Never mind the blackberries and michaelmas daisies, the conkers and chrysanthemums, the reddening maples, yellow leaves crunching like cornflakes underfoot and whirling like russet butterflies overhead, Autumn must be the most confusing of the seasons when it comes to saying when it actually begins.
Here in the UK, the Met Office use straightforward whole months: Autumn is September, October and November.
But many people would give September 21st as the start date, believing that that is the equinox, although in many years, including this one, it actually falls as late as the 23rd.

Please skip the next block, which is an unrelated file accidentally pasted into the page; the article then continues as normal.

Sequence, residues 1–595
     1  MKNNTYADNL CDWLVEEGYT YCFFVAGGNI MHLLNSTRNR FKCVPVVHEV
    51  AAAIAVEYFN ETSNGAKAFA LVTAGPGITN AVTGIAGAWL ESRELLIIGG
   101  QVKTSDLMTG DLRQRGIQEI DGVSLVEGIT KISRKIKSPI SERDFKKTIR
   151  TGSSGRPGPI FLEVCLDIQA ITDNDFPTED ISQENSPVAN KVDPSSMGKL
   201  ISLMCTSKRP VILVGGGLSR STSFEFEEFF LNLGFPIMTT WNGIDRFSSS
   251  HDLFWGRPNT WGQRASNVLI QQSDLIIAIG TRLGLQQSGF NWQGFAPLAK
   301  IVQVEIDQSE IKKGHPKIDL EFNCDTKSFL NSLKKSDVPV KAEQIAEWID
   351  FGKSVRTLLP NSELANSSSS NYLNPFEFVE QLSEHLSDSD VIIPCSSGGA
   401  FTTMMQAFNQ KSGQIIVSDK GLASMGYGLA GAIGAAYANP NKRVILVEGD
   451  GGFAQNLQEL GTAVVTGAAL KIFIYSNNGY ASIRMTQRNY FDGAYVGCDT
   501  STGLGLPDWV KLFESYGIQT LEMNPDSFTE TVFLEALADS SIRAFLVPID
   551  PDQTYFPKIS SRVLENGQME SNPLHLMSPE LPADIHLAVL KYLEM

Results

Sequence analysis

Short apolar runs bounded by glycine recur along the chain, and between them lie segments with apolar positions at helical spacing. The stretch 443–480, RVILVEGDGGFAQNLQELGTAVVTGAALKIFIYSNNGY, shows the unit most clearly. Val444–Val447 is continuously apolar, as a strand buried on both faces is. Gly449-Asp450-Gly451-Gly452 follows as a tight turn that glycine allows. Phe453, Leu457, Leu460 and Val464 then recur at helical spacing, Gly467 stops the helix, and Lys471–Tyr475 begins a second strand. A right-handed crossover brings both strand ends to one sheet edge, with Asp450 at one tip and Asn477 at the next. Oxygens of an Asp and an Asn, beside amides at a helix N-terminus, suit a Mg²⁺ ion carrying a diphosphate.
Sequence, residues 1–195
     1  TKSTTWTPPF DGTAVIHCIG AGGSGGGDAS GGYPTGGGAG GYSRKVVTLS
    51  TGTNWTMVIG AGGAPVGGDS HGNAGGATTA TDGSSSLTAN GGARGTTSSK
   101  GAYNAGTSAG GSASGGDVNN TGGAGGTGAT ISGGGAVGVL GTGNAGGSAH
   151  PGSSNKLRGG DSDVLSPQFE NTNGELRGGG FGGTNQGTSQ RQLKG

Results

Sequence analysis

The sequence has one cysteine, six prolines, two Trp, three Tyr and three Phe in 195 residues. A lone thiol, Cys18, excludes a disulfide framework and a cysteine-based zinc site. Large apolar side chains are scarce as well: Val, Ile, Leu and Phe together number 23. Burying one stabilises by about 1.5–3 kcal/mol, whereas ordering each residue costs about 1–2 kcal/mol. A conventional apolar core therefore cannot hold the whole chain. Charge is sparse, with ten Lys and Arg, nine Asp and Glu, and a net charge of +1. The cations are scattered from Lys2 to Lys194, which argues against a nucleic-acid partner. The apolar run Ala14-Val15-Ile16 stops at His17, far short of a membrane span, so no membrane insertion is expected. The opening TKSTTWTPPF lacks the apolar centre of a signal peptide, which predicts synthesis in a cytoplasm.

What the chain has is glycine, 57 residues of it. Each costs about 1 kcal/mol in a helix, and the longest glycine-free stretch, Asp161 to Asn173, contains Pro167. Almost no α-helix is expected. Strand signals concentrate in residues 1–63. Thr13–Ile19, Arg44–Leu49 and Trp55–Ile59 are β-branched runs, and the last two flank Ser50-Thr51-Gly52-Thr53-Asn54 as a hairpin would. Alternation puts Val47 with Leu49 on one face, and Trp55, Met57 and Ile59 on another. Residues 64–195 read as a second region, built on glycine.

And then, of course, you have the phenological perspective, which looks at the natural world and such things as animal migration and changes in plants, leaf colour etc, and so is liable to far greater variation depending on region and actual weather conditions.Last night, though, we altered the clocks, as yesterday was the last day of British Summertime.
If summertime is over, surely now there can be no doubt that autumn has actually started?(The final photo is, of course, a summer photo, but as I’m on the subject of clocks I thought it was worth reposting.)